Wednesday, 18 March 2015

Image of the Day: Moon's Most Unusual Volcano More Massive than Thought


Scientists have produced a new map of the Moon's most unusual volcano (above) showing that its explosive eruption spread debris over an area much greater than previously thought. A team of astronomers and geologists, led by experts in the Institute for Computational Cosmology and Department of Earth Sciences at Durham University, UK, studied an area of the lunar surface in the Compton-Belkovich Volcanic Complex. The red region (approximately 35km in diameter) is the volcanic complex and the green area is that containing the radioactive debris from the volcano's eruption, which stretches 300 kilometers to the east.

By mapping the radioactive element thorium which spewed out during the eruption they discovered that, with the help of the Moon's low gravity, debris from the unnamed volcano was able to cover an area the size of Scotland, or around 70,000 km2.

The eruption, which happened 3.5 billion years ago, threw rock five times further than the pyroclastic flow of molten rock and hot gases that buried the Roman city of Pompeii, the researchers added.

The findings are being presented by lead author and Durham University PhD student Jack Wilson to the 46th Lunar and Planetary Science Conference in Texas tomorrow (Thursday, March 19, 2015).

The research used data from NASA's Lunar Prospector spacecraft which first spotted the volcanic site in 1999 when it detected an isolated deposit of thorium on the Moon's far-side between the Compton and Belkovich impact craters.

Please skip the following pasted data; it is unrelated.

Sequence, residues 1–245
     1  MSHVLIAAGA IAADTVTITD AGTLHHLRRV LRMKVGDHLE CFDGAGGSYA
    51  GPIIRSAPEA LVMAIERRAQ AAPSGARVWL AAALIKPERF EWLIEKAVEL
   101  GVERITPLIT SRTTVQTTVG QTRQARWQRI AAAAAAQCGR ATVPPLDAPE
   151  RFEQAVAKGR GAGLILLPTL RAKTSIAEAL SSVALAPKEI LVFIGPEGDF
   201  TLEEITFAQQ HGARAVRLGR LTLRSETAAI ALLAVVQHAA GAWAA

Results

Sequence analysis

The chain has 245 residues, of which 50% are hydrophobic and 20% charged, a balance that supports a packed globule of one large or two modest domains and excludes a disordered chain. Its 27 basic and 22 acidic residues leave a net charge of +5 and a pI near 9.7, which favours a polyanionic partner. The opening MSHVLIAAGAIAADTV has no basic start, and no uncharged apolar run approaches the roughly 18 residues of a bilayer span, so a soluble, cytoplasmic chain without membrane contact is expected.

Since its discovery, the deposit had been hard to study because it is hidden beneath debris from meteorite impacts, but Lunar Prospector did detect gamma rays emitted by the thorium that can pass through up to a metre of rock.

Based on this information, the Durham-led team used a "pixon" image enhancement technique, originally designed to peer into the distant Universe, to sharpen the map and reveal the enormous size of the thorium deposit from the volcanic eruption.

Jack Wilson, a PhD student in Durham's Institute for Computational Cosmology, said he was surprised by the gigantic scale of the explosion: "Volcanoes were common in the early life of the Moon and in fact the dark 'seas' you can observe on the lunar surface were created by runny, iron-rich, lava that flooded large areas, filling in impact craters and low-lying ground. Eruption of viscous, light-coloured, iron-poor, lava, which creates steep-sided volcanic cones, was rare and observed only at a handful of sites such as this one. The explosive eruption of such lava is unknown elsewhere on the Moon, making this volcano unique. By mapping the radioactive content of the lava from this volcano we have been able to show that molten, radioactive rock was thrown far beyond the slopes of the volcano, reaching several hundred miles in one direction."

The research team is now planning to apply its mapping technique to the largest known volcano in the Solar system, Olympus Mons on Mars.

Rather than the radioactive element thorium, the researchers will be looking for hydrogen and the possible remnants of water ice from glaciers on the high slopes of the Red Planet.

The latest research used the DiRAC Data Centric system at Durham University, part of the DiRAC national supercomputing facility for research in astrophysics and particle physics funded by the Department for Business, Innovation and Skills through the Science and Technology Facilities Council and was supported by the Science and Technology Facilities Council and The Royal Society.

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